The Spots That Never Went (Spectra Polaroid, elastic band, screws) Roelof Bakker
I have known artist/photographer Roelof Bakker for ten years, since he produced and published Still (2012) a book of his photographs from the disused Hornsey Town Hall with accompanying short stories. Each writer was asked to choose a photo and I chose a clock stuck at ten o’clock, which somehow brought forth a story about Napoleon and the ten-hour clock: but enough of that. Roelof Bakker’s work is tender and sinuous, with beauty and sometimes menace. I asked him a question for IT.
JW – Once you see something, and it strikes you as a possibility for art, what are your internal processes? Do you start with an idea and look for a corresponding image? Or does something you see in the world jump-start something in you? What happens first?
RB – Thanks Jan… Interesting question, it’s a tricky one because with each project, or with individual works, I use different approaches, it’s a random process – it’s about surrendering or responding to a feeling or emotion, to a thought or a question, to a memory, to self-reflection, to the subconscious, to an event, to a text or words, to a physical thing (a work of art, the natural world, a sign), to a person, to a place or often to process itself.
My work always has a personal connection, from my statement, ‘With my creative projects I process life experiences and events, playing with form and format, exploring issues relating to health, history, queerness and the environment.’
The project The Spots That Never Went evolved from a Polaroid photograph I took of a rotten, spotted, apple held tenderly in the palm of my hand. It reminded me of a press photograph of Princess Diana holding the hand of a man living with AIDS in 1987, an event helping signify the end of misinformation about how HIV could be transmitted. The spots on the apple connect visually to the appearance of Kaposi’s sarcoma, a skin cancer which manifested itself in the later stages of AIDS. The Polaroid image and the connection to the Princess Diana photograph (a symbol of care, love and understanding), led me to explore a process of making multiple images of the apple photograph, applying an extreme halftone screen (a photograph is converted to dots for reproduction in a publication, like a tabloid newspaper) to the image, then taking small fragments of this to make a series of twelve abstract images conveying forgotten history and fragmented memories, also communicating ideas about life and death, loss and hope and HIV-positive and HIV-negative status.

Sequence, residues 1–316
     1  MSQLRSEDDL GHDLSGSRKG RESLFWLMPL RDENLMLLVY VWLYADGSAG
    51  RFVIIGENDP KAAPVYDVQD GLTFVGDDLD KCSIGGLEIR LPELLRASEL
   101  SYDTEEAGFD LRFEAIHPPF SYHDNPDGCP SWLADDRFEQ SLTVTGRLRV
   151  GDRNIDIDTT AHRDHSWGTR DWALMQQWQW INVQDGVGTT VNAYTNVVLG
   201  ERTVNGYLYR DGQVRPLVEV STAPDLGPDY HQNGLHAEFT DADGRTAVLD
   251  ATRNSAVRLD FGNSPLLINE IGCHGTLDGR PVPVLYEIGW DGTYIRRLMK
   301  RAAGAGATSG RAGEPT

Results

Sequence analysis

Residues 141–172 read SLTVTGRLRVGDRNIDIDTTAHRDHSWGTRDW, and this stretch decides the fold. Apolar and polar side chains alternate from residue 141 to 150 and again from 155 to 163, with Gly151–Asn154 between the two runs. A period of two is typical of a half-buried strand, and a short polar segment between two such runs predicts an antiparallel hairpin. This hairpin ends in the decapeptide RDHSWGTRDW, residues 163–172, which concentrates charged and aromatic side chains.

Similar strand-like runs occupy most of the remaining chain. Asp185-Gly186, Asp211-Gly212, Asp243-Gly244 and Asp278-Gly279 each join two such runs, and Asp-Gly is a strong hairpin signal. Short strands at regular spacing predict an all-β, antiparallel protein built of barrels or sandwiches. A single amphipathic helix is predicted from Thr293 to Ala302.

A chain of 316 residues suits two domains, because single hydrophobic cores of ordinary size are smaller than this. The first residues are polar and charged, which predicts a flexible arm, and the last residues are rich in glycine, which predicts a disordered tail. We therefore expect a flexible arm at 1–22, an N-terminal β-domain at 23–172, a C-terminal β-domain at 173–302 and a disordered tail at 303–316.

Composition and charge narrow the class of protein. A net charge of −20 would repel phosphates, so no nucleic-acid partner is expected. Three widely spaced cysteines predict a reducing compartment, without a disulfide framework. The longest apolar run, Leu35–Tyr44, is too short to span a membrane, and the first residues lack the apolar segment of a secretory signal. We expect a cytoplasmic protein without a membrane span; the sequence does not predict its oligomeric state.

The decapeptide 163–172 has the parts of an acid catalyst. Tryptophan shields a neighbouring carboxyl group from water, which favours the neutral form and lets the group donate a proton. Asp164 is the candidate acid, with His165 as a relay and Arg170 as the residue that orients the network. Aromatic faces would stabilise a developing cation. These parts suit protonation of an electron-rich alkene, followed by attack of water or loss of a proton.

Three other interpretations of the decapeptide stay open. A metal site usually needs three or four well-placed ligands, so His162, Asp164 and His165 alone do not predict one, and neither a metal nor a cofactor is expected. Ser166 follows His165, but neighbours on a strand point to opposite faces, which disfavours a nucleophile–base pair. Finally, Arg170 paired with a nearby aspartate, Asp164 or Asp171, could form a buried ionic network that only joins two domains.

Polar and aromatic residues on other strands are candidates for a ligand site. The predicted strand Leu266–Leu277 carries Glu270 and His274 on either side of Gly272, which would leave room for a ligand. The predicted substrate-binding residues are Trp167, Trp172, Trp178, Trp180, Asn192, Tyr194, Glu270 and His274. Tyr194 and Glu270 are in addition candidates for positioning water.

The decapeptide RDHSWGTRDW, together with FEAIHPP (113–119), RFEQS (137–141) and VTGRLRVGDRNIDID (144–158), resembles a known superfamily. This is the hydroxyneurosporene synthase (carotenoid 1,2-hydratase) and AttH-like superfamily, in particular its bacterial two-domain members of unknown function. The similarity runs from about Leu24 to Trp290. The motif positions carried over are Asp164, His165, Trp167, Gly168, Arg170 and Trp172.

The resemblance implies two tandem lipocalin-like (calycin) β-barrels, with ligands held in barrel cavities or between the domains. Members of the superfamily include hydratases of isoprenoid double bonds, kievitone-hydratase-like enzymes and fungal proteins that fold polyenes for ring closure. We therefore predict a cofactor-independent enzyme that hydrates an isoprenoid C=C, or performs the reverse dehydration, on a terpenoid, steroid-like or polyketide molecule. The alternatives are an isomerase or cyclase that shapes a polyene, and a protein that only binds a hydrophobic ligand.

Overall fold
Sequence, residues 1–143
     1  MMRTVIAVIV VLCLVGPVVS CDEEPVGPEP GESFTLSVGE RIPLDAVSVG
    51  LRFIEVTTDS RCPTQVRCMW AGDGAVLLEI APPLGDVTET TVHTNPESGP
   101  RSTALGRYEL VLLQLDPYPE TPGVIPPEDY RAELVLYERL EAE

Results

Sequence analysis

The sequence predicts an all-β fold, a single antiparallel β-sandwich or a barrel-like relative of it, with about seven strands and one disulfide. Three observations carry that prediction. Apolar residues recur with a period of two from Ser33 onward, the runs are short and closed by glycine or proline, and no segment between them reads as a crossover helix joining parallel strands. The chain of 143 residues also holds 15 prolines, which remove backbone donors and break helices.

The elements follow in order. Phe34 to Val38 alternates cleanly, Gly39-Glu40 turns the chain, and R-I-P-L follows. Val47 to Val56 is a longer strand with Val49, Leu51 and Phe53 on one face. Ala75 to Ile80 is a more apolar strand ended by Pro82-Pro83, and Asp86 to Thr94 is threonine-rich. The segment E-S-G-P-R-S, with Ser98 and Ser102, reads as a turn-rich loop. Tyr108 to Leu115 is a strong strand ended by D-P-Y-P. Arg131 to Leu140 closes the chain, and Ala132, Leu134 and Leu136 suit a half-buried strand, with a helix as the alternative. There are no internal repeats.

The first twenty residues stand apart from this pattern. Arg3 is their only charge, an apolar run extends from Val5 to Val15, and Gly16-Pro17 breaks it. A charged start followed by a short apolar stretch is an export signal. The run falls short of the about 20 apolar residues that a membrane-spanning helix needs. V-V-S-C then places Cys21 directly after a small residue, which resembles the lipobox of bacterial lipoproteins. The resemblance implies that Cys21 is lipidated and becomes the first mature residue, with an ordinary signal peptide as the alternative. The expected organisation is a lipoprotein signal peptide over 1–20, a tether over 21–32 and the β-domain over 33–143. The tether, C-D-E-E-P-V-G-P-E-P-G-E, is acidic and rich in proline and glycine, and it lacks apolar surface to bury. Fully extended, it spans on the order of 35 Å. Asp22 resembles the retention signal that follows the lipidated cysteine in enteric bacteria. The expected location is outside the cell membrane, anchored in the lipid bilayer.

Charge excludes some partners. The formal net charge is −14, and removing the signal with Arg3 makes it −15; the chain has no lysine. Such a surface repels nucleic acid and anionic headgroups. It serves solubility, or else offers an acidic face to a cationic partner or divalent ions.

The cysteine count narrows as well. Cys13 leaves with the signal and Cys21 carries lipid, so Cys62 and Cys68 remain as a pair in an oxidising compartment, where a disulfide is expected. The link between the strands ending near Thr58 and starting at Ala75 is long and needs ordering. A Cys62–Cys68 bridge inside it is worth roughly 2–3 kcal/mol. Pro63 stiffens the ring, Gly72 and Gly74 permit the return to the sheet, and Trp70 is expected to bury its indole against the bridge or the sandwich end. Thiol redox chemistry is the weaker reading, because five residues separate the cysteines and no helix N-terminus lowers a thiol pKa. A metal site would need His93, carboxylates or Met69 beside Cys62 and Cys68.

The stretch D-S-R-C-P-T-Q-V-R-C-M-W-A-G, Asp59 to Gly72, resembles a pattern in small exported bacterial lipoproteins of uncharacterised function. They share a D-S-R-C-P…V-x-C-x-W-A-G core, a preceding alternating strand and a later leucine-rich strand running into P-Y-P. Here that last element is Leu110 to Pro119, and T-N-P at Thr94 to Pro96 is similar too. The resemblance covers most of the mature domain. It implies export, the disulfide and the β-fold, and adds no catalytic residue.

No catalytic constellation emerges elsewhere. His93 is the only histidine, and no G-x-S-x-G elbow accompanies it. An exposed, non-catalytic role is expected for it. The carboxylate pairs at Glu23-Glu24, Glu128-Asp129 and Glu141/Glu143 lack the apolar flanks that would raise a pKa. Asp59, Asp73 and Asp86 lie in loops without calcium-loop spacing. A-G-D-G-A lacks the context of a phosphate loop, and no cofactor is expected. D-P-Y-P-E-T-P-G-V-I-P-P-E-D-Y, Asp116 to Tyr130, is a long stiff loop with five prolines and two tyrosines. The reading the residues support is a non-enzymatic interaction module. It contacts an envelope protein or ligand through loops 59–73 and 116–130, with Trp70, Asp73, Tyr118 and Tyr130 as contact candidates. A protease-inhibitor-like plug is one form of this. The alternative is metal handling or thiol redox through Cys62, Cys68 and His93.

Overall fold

They were positioned on the pages of a tabloid newspaper, opposite brief sentences of personal memories of the 1980s/90s AIDS crisis, each sentence starting with ‘I remember a time…’, like ‘I remember a time when the police raided bars and clubs wearing decontamination suits and gloves.’ and ‘I remember a time when I was young and other young men got ill and soon after they died.’
The images and the texts appear in a tabloid newspaper, I wanted to reclaim this format from the hateful tabloid newspaper reporting (The Sun, News of the World, etc) of people living with AIDS and gay men and lesbians in the 1980s, something Derek Jarman writes about in At Your Own Risk (1991).
My book has been reinvented as an exhibition, to be shown in Brixton’s Photofusion in October-December 2021, following on from a show during Gay History Month 2020 in Cambridge.
JW – What are you currently working on?
RB – I’m working on the design of three artist’s books for projects I started during a self-assigned lockdown residency at The Queer Hut, a desolate wooden structure standing on a disused railway embankment overlooking Cambridgeshire fields. Each book highlights a different aspect of the negative impact of mankind on the environment and will be published through my press, Negative Press London. I’m also finalising a project about asthma and air pollution, experimenting with analogue photographic processes, video, writing, appropriation and performance.
JW – Thank you, for someone about to paint again that has been enormously helpful, revealing and a little bit scary.